Some Coro Mendocino wines could be poured at ZAP’s Grand Zinfandel Tasting, but others would be excluded because of varietal choices in conflict with ZAP’s traditional field blend varietal list.

Yesterday, I asked Julie Ann Kodmur, ZAP’s publicist extraordinaire, about an odd anomaly I noticed in the list of ZAP approved field blend grapes. From my e-mail to Julie:

Semillon is a white wine grape. I know that there are numerous instances of white wine grapes being planted in “Zinfandel fields” or barrel blended, but I wondered at the inclusion of Semillon on the list in your press release, but the exclusion of other Bordeaux whites like Sauvignon Blanc. I also wonder at the inclusion of Rhone reds, but the exclusion of Rhone whites like Marsanne.

Are the heritage wines limited to those blended from the list below, or are other varietals allowed? I imagine some Mendocino Coro wines would be excluded if this list is set, while other Mendocino Coro wines, perhaps showing better Zinfandel blend characteristics might be excluded, if the list of varietals above is complete, finite, closed.

It almost seems as if a small handful of winemakers got together and made a list of grapes grown in their wine property blocks and called it a day.

Julie kindly forwarded my note to Zinfandel superstar winemaker Joel Peterson of Ravenswood, who responded today:

Hi John,

Thanks for your comments on the list of grapes included in the Zinfandel field blends.  The inclusion of Semillon in that particular list was the result of an accident.  While we recognize that there were many white grapes that appeared in some of these plantings, (Palomino, Sauvignon Vert, Berger, and French Colombard, to name a few others), the number of vines was usually so small as to be insignificant and they did not warrant inclusion.  While these grapes were on our original list, it was decided by the ZAP board that they be stricken from that list.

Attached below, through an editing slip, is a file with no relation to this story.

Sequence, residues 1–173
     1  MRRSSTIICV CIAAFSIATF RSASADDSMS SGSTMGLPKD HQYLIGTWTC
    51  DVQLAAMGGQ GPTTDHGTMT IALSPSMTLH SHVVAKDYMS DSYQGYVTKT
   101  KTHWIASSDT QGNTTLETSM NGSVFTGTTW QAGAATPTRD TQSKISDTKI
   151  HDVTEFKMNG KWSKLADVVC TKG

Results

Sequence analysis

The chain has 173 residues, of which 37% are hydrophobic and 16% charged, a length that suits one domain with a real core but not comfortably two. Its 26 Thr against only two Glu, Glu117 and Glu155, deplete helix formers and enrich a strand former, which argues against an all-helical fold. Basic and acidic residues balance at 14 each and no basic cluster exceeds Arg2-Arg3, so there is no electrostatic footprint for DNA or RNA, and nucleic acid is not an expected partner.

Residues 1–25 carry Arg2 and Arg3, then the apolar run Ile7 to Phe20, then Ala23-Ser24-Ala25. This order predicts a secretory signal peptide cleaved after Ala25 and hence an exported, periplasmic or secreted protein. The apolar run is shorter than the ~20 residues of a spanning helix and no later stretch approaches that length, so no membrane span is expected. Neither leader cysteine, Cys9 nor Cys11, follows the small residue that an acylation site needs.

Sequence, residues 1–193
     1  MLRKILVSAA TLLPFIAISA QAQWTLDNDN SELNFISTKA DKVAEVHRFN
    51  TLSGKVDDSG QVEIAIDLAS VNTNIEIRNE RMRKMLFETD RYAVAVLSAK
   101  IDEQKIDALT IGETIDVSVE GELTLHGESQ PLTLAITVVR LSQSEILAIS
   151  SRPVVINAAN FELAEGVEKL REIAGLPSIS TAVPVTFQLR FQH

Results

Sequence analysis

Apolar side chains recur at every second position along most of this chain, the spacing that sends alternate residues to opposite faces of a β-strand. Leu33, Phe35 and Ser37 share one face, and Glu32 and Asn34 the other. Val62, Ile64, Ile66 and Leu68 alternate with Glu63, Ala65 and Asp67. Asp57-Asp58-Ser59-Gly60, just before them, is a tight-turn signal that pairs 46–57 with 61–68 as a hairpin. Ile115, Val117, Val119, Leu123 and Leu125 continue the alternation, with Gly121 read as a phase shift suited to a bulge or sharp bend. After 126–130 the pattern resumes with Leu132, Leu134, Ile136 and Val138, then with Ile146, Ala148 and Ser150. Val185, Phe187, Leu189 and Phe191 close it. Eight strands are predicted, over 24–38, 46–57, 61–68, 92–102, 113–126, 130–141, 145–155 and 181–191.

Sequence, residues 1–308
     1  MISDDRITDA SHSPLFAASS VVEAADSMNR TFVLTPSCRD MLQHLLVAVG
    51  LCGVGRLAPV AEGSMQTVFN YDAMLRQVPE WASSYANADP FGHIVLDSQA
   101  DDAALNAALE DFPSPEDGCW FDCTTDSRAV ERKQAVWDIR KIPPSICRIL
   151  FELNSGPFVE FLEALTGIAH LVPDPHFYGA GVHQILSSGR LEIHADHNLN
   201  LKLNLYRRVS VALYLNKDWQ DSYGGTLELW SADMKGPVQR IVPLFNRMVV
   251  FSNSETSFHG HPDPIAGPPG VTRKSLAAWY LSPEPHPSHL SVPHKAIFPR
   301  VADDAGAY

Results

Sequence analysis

The list of Heritage Blend grapes is derived from a number of sources; experience of people in the field with their own old vineyards and various historical records from the era that these blends were being formulated. Understand that the key word here is “Heritage” Field Blends.  While I realize there are a number of other blends being made today that include Cabernet and other varieties not on the list, they would not be included as Zinfandel heritage field blends.  This was meant to be a historical reference point and an augmentation to our understanding of Zinfandel and its kin.

I suspect the list as it exists is not complete and will undergo some modification.  The key to additions is that they exist in significant proportion in existing Heritage Field Blends or in pertinent reference literature concerning these blends.

I hope this is helpful.

Joel

If you read my companion pieces from this year’s ZAP Zinfandel Festival, you know I hold Joel in the highest esteem. In those pieces, I wrote, “I tasted wines that ranged from 100% Zin to a wine where Zinfandel was not the predominant grape. I wondered when a Zin stops being a Zin. I asked Joel, “how much Zinniness (yes, it is a real word, I invented it) is required in a wine to be considered appropriate for inclusion at ZAP?” when we met over lunch at a ZAP event back in January. Joel said, “It is an interesting subject, and the wines that are being made from these mixed black blends have the potential to be some of the best, most singular wines California can produce. It is good to get the conversation about them started again. We lost the thread with the advent of Prohibition and in the process lost what might have been the wine that was our equivalent of Bordeaux, Chateauneuf du Pape, or Chianti. Blended wine made from grapes chosen by the people of that region to represent the best most representative wine that region could produce. Zinfandel is California’s own. There is nothing that even comes close. These talks of blending [Zinfandel] instead of Cabernet or Chardonnay; Zinfandel, Heritage, whatever it will be called, will be how we establish ourselves against European wines.”

Joel’s words then led me to suggest that ZAP might do just what they did, open the Zinfandel Festival up to more wines to be poured. Joel’s words today provide a foundation for a better understanding of ZAP’s announcement.

Yesterday, the folks behind the 2010 Wine Blog Awards opened nominations in a number of categories. I went to facebook and pretty much asked for a nomination. My very good friend, and a supremely talented writer, Nancy Cameron Iannios nominated my wine blog in the Best New Wine Blog category.

If you read my blog regularly, and feel moved to do so, here’s a link to the nomination site; you can second my nomination through April 7 at:

Click here to be taken to a place you can second my nomination, thanks!

Here is the kind nomination post Nancy left for my nomination: